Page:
Should I Get a Komondor?
Are you considering getting a Komondor? Take a look at the advice Komondor experts have for first-time owners of this rare dog breed.
Joy Levy |
Posted: Dec 31, 2012, 4 p.m. EST
If you are contemplating getting a Komondor, the first thing to realize is that this dog breed, especially the male, is a lot of dog to handle, for at least two reasons. First, the Komondor is a big, powerful dog. Second, this dog breed has been bred successfully to be a decision- making animal. The Komondor decides who is the enemy and protects his possessions from danger in whatever way he sees fit. Any male Komondor must be obedience-trained before one year of age if he is to be managed by more than one person. Even with obedience training, Komondors should not run without a leash unless one person devotes his full attention to controlling the dog.
Komondors needs a lot of socialization, being handled by many different people if he is later to be in contact with many people. Like most guard dogs, a Komondor usually likes only people he knows. If you want to keep a Komondor friendly, you must be sure that he “knows” a lot of people. Most Komondors like children and put up with a great deal from (even unfamiliar) children, though unfamiliar adults are not tolerated lightly. Komondors also need a family to attach themselves to. By six months of age, a Komondor can be loyal and devoted. Every member of the household is included in his devotion—the children, the cleaning woman, any regular visitors and the other animals, including dogs, cats, birds, anything.
Like all of the livestock guard dogs, Komondors should tolerate any animals that are yours. A working dog will cut out a new flock member but not harm it. Komondors like cats, and cats like them as well. They are good with birds, from cockatiels to emus, and generally have no hunt and/or chase instincts. You can rarely get them to chase a squirrel or a deer. Komondors like to watch other animals; they act as we do when we watch television. They are generally gentle with any young animals. Grown Komondors do not usually welcome strange dogs on their property, though in some cases they fall in love with another animal—dog, cat, goat, etc.—and try to bring their friend home. This dog breed enjoys having a companion, whether it is another dog or a cat. An older dog is often rejuvenated by the entry of a younger dog into his life. People with working dogs find that an older Komondor will teach a younger one all of the rules. Komondors are devoted forever to the people and animals they grow up with.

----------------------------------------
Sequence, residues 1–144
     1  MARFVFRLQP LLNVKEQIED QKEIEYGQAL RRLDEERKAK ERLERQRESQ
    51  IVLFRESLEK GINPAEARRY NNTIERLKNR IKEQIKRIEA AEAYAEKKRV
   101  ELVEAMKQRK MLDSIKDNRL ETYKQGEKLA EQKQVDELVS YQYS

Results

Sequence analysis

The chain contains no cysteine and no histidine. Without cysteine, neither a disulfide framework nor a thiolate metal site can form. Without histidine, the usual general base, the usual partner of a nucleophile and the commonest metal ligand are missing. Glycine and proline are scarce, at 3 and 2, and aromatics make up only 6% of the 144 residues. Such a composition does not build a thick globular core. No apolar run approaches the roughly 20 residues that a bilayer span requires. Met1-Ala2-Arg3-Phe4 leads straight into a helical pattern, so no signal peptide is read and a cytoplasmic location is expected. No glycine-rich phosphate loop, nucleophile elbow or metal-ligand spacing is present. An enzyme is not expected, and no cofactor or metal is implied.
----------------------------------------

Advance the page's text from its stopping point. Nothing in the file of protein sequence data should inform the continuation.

The Komondor is an alert dog, and he requires an alert owner. Improper handling can occur in many situations with well-meaning owners, and the Komondor can then be suspected of having a bad temperament when he in reality does not. If you fail to show your dog his duty, he will certainly make a job for himself, and you may not like the job he chooses.
Excerpt from Komondor, part of the Comprehensive Owner’s Gide series, with permission from its publisher, Kennel Club Books, a division of BowTie Inc. Purchase Komondor here.
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